Daniel Pink writes about how autonomy, mastery and purpose are what motivates us, and we are constantly hearing about how people are searching for meaning and purpose in their lives.  Sometimes this can be looking outwards to help others, other times this may involve looking inwards to personal relationships.  People are discovering that money and possessions don't make them happy and that meaning or purpose is more difficult to find than material possessions.

A couple of weekends ago my husband and I, along with several Middle and High School ASB students, took part in a Habitat for Humanity build in a small village about 3 hours away from Mumbai.  Although this came at a very busy time for us (and right before ASB Un-Plugged for me) it was really satisfying to do this volunteer work.  Helping to improve the lives of others is part of ASB's Mission Statement.  Interestingly enough ASB recognizes the importance of balance too.  One of our Core Values is this:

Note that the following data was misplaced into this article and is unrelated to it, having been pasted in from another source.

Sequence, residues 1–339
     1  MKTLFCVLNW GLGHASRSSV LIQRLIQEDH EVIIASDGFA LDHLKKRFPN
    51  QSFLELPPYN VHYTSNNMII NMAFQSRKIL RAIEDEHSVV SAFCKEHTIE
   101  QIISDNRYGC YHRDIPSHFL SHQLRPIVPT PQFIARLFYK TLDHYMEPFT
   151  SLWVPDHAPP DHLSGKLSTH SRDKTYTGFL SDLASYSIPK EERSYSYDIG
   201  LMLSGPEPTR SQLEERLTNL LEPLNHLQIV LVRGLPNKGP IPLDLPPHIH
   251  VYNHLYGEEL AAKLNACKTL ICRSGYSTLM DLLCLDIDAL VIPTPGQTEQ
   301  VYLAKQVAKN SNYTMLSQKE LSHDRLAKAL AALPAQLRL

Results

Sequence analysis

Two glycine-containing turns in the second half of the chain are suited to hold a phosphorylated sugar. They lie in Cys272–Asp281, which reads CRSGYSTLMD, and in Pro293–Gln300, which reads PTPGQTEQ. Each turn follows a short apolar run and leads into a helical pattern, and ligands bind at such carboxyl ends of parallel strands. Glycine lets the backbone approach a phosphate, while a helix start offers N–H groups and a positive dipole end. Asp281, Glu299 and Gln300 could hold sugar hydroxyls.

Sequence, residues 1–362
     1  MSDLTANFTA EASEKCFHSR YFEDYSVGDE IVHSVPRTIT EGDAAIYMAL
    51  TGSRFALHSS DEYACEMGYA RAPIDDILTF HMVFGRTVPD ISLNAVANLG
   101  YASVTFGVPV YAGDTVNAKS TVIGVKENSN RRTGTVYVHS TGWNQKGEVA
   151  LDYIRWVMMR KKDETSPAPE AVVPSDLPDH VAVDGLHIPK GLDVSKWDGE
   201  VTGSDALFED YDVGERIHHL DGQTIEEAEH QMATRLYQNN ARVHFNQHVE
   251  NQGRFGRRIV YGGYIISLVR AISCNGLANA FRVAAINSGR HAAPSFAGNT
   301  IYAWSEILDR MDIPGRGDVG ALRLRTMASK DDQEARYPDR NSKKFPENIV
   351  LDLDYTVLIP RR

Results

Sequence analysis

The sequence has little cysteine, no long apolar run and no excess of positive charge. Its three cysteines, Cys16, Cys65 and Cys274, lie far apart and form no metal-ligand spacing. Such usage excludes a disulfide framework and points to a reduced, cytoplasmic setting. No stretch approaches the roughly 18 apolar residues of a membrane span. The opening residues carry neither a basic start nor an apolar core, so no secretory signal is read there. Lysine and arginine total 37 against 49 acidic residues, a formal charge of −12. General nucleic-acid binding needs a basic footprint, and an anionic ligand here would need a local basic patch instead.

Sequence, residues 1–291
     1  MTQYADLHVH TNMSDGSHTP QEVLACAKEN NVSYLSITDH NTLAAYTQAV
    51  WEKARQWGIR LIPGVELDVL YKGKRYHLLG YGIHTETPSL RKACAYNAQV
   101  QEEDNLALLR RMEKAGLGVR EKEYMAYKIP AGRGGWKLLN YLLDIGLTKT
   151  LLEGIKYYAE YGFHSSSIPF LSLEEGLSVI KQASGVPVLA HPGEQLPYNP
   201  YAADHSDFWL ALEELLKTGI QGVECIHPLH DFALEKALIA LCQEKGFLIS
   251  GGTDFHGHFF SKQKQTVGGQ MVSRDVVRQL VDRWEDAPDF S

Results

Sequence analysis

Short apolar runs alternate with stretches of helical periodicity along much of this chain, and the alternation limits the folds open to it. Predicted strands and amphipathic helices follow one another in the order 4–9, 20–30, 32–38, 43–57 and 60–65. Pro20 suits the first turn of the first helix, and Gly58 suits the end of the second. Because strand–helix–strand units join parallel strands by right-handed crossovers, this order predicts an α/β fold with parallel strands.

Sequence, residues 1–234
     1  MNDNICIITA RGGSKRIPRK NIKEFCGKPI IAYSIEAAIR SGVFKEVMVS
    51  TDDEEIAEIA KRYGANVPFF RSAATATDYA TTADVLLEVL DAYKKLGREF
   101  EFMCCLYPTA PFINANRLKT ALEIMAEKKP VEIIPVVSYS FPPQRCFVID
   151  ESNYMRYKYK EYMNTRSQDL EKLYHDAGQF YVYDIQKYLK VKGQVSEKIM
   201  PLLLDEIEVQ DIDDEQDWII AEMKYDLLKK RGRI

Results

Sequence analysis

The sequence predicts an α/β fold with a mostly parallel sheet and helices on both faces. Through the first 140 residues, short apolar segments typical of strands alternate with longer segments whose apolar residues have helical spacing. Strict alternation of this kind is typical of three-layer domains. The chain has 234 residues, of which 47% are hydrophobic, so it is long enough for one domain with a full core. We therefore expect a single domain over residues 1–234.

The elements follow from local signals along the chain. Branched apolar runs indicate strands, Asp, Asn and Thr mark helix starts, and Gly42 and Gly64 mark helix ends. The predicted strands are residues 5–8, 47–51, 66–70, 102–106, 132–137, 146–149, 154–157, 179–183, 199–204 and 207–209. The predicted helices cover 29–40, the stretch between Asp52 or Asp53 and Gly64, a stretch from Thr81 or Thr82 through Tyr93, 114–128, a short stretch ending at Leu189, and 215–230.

• A balanced lifestyle is the essence of well-being.
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Thursday, March 13, 2014

16 Trends: # 11 and 12 International Mindedness

The management of our diversity is critical to our future.  If we manage it well it will enrich us.  If we don't manage it well it will divide us.  - Gary Marx

The IBO has an idea of the type of students it hopes will graduate from its schools: the kind of student who "in the struggle to establish a personal set of values will be laying the foundation upon which international-mindedness will develop and flourish."  One of the ways that international-mindedness can be encouraged to develop is to "provide students with opportunities for learning about issues that have local, national and global significance, leading to an understanding of human commonalities."